The Back of the Napkin author Dan Roam gave a wonderful Google Talk where he described his Six by Six Rule of problem solving. In his consultant work with corporate execs, Roam's "value proposition" is...
He supports this assertion with the observation that humans are fundamentally visual creatures -- over 75% of the sensory processing going on in the brain is visual processing. Further, the brain seems to process information using at least six "pathways"...
- "Who or What?" pathway
- "Where?" pathway
- "How much?" pathway
- "When?" pathway
- "How?" pathway
- "Why?" pathway
So when you see a person, that information is processed using at least the "Who is that person?" pathway, "Where is that person?" pathway, and "When am I seeing that person?" pathways to start. If you continue thinking about that person, other pathways like the "Why are you there?" pathway and the "How did you get there" may also be used, along with many other permutations.
Problem solving can be improved by using these pathways.
Dan Roam - Six by Six Rule
When trying to solve a problem, try slicing up the problem into parts that correspond to six pathways. Then draw a simple picture to illustrate the problem. Figuring out what kind picture to draw can be difficult, especially for the artistically challenged beyond age six. Each question or pathway can usually be express and answered using the following pathway-to-image formula, Roam's Six-by-Six Rule.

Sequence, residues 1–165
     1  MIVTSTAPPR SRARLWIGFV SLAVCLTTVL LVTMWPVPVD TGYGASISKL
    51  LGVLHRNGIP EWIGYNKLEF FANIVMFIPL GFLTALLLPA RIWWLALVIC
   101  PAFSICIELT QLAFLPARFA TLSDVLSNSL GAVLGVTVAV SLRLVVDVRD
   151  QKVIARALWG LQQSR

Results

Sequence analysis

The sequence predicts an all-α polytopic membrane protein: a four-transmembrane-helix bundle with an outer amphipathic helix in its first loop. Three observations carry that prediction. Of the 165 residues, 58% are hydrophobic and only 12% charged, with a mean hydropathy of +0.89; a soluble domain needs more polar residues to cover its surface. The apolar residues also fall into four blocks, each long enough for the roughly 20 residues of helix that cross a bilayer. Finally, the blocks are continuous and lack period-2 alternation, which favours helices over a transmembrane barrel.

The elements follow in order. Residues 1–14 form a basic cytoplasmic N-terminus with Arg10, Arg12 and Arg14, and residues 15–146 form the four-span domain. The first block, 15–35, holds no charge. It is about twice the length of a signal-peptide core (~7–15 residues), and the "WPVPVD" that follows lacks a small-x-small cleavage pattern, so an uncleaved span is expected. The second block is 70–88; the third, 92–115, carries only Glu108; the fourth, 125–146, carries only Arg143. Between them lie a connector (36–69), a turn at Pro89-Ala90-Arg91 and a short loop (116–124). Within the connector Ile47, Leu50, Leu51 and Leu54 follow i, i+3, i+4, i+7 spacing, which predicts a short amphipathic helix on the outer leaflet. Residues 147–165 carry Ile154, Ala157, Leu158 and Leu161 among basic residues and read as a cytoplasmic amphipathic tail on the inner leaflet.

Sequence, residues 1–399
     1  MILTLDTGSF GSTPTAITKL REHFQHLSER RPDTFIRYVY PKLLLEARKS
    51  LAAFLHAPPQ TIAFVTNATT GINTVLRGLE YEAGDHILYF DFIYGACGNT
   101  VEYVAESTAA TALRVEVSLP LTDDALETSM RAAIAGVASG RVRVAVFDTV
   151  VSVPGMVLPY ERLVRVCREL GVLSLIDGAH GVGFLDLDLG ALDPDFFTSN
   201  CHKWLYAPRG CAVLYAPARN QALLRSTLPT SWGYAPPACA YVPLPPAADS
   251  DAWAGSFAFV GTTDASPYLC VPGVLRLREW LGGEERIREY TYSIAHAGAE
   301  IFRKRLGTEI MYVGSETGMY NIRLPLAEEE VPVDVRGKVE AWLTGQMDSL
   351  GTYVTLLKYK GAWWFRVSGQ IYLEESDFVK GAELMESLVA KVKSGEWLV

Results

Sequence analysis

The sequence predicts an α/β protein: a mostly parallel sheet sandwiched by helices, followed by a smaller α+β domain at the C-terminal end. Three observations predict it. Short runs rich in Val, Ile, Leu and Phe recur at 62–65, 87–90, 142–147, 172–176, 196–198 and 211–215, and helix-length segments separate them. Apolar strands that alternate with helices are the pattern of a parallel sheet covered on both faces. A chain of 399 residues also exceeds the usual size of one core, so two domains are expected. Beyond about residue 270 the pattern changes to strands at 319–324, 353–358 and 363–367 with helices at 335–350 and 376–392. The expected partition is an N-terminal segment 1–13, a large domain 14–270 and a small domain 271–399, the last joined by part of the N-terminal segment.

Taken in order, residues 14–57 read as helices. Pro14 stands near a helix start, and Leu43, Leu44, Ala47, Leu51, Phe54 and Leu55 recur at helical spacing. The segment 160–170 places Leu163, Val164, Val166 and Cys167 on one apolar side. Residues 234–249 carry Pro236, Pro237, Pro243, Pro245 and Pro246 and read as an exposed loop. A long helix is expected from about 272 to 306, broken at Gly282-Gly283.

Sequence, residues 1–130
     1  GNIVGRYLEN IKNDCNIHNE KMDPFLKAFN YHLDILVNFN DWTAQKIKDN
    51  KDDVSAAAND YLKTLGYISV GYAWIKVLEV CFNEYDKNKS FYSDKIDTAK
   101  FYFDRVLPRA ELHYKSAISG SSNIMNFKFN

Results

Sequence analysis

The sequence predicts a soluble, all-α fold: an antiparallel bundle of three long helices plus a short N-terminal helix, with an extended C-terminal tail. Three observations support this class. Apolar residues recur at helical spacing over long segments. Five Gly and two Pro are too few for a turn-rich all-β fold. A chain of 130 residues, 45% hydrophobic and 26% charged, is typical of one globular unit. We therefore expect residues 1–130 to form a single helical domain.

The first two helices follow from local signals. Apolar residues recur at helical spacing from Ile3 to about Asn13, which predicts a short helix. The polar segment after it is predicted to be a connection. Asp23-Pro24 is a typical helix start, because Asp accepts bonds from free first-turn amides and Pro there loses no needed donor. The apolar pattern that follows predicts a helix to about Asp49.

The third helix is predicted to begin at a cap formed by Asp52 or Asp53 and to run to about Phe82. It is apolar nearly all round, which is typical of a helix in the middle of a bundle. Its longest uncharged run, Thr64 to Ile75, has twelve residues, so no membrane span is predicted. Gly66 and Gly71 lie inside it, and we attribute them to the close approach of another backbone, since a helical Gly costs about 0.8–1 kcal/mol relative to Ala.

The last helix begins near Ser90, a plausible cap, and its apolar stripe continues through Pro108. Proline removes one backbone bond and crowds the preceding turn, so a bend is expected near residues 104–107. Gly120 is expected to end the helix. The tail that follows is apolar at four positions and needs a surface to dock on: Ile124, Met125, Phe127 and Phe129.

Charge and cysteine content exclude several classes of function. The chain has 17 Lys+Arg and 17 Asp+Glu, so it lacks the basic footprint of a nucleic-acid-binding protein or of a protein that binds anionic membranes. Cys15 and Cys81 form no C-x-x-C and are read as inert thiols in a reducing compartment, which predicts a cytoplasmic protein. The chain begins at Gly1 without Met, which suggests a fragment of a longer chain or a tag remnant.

To help translate problem into a useful image, use Roam's pathway-to-image translation formula he calls his Six by Six Rule.
- "Who or What?" - draw portrait
- "Where?" - draw map
- "How much?" - draw chart
- "When?" - draw time line
- "How?" - draw flowchart
- "Why?" - draw multivariable plot or graph
More advice from Dan Roam
Avoid loops or circle in time lines--even if it ends up where you started--because our brains do better with linear time lines
Play with the technology and data behind Gapminder.com
Problems can ALWAYS be solved using simple pictures. pictures that fit on the back of a napkin. Any problem can be clarified, if not outright solved, through pictures.
We already know how to do this, so don't worry. You just need a little practice looking, seeing, imagining, and showing. Dan Roam teaches us how to use a napkin.
After age 6, we stop taking advantage of visual learning or improving it, shift focus to auditory.
There are three kinds of people:
- black pen people - first up to draw pic of problem
- yellow pen people - I can't draw but...adds to the existing pic
- red pen people - sees problem as more complex than pic rep, so if you can get him pissed off enough, will go up, erase half the pic, and draw pic of real problem.
"From elevator pitch or death by powerpoint," think in pictures.
Drawing pictures in front of people engages everyone's mind, and talking and drawing is "manna for the brain."
- mark larson | The Back of the Napkin (review: 3.5/5)
- Visual thinking borrows from that natural process a bit more intentionally. It starts with looking (collecting & screening data), seeing (selecting & grouping), then imagining (reconfiguring, manipulating, analogizing), and finally showing (cleaning up, putting it all together).
|The Back of the Napkin: Solving Problems and Selling Ideas with Pictures |
by Dan Roam